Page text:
Organizations like Warehouse Workers for Justice (WW4J) have begun to make connections among warehouse workers, global issues and their communities. In fact, WW4J demanded that Chicago’s offer to Amazon not include the massive tax breaks offered by other cities and that instead Amazon should fund schools and pay a $15 an hour wage.
By coordinating action, workers are finding new terrain to create choke points in the global supply chain, according to Professor of Sociology at California State University, Jake Alimahomed-Wilson. What would happen, for example, if workers across national, industry and ethnic boundaries realized they are part of an international working class and organized strikes along the chain?
If South African miners, Chinese Foxconn factory workers, port workers in Newark, Midwest truckers, Chicago warehouse workers and Seattle Amazon retail workers all, or even, some went on strike? Will white American warehouse workers join the Algerian warehouse workers in Spain or Black South Africans or Chinese factory workers or Latinx retail workers in Colombia or vice versa? How will they communicate, meet and strategize? How will they deal with repression from the nation state in which they live? How will they protect each other? Will they?
Unfortunately, if workers go on strike on a national or even regional level, it’s easy for the state to attack them. Just like the police attacked striking Amazon warehouse workers in Spain or even kill them, as is done in Colombia, which has the highest murder rate of union organizers in the world. But if workers along the global supply chain coordinate strikes, they might be able to shut down the company’s profits. At least enough to gain a bargaining advantage. If they realized their power and coordinated an attack on the global supply chain, i.e. and capitalism to bring it down, well then . . .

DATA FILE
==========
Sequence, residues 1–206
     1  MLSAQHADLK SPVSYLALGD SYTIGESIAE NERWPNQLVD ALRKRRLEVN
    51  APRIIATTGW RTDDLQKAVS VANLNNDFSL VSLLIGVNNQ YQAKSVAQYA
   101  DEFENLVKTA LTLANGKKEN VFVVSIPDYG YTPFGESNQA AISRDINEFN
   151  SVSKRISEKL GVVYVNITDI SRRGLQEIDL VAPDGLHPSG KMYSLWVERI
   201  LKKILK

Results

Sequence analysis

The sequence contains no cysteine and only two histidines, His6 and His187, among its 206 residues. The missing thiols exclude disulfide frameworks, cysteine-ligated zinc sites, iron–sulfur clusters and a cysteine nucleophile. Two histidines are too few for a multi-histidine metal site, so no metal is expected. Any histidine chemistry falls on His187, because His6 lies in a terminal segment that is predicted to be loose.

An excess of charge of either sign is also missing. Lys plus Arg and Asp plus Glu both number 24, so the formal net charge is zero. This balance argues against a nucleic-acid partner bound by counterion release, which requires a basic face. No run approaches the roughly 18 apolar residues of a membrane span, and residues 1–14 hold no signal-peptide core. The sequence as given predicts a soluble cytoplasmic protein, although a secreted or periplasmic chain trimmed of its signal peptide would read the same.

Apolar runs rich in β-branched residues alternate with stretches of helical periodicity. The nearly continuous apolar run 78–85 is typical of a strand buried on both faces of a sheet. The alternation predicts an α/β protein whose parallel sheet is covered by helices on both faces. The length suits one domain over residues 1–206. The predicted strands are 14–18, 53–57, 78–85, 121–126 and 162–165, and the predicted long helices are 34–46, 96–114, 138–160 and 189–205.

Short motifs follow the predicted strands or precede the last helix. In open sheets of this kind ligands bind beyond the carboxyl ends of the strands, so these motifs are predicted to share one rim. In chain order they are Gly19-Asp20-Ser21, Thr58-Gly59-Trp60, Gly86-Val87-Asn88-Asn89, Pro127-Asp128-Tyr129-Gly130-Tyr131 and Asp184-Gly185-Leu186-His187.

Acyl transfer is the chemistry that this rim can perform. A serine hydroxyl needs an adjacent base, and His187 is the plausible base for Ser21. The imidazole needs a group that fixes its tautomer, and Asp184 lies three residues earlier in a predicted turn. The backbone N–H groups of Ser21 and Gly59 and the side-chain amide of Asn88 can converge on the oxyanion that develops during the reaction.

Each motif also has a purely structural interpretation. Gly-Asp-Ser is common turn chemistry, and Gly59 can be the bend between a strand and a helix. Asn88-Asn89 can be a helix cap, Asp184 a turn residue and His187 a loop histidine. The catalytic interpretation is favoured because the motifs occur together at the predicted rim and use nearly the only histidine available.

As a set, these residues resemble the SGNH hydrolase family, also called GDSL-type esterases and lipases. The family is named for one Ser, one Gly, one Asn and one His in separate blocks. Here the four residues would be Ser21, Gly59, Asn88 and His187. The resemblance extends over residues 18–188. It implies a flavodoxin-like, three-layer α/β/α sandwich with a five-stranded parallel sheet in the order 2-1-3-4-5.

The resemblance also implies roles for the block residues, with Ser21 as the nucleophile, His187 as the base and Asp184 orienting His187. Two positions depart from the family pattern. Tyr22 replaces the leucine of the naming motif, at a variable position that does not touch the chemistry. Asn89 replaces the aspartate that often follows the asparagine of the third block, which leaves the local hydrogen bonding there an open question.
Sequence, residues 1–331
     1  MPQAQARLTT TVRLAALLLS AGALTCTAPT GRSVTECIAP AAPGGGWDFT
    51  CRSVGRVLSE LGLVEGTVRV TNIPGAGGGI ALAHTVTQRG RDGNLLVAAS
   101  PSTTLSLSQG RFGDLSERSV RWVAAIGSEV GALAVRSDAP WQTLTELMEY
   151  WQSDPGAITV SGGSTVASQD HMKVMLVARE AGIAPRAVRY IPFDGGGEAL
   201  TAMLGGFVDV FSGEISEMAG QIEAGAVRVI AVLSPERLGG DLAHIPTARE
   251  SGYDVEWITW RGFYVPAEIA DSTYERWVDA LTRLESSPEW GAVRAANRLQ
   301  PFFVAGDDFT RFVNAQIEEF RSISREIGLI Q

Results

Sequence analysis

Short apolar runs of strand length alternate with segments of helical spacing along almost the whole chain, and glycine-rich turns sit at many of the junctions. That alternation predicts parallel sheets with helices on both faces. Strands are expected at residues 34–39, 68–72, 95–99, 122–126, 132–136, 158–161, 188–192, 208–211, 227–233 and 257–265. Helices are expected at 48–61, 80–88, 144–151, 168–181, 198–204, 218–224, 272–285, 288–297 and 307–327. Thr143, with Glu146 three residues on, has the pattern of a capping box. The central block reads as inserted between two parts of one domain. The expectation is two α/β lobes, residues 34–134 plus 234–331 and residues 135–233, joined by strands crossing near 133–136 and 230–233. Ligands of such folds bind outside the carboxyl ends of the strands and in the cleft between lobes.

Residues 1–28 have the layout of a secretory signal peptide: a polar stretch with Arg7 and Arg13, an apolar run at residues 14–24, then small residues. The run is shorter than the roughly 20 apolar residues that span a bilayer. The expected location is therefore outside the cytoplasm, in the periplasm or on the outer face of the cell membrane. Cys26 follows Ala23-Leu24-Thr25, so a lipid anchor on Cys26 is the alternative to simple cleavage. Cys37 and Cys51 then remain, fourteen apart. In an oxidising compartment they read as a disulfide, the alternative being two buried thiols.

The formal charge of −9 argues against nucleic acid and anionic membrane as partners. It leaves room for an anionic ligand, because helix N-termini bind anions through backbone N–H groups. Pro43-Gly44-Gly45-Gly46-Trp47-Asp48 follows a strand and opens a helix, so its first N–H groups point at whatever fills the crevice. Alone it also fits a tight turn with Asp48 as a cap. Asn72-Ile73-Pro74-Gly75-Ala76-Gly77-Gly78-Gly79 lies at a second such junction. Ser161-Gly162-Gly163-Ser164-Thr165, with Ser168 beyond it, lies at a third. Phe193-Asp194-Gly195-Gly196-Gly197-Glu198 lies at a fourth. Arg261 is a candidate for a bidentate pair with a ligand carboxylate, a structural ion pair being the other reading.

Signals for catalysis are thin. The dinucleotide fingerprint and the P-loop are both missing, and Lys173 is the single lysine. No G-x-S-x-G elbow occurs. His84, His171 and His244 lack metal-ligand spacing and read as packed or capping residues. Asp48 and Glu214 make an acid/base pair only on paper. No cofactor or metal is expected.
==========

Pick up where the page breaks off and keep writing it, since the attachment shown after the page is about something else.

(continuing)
So here’s the paragraph that most editors will delete
In truth, that is the only way to improve the lives of the working class — to destroy capitalism and build communist societies where workers control our own lives. Otherwise, things may get better for a few workers for a short period of time, but the ruling class will always attack again and again, as we’ve seen repeated throughout history. It might sound utopian now, but with 9.6 billion people by 2050, skyrocketing inequality and dwindling resources to fight over (where’s Flint’s clean water?!) it may be our only chance to survive with any kind of quality of life.
The ruling class is afraid — and rightly so — of this scenario. So they will do everything in their power to stop it — from state violence to media manipulation, to replacing truckers and port workers with self driving vehicles, warehouse workers with robots, retail workers with self checkout algorithms.
So it will be interesting to say the least to see where Amazon ends up — in Maryland, home to multiple rebellions in the 1960s and the Baltimore Rebellion of 2015 or in Newark, home to the 1967 Rebellion. Of course Amazon began in Seattle, five years after the Anti-Globalization Rebellion of 1999. Either way, people, get ready for Hurricane Jeff Bezos.
Just another day under capitalism.
PS — Go see Boots Riley’s new film, Sorry to Bother You, in theaters now. Don’t wait until it’s on Amazon.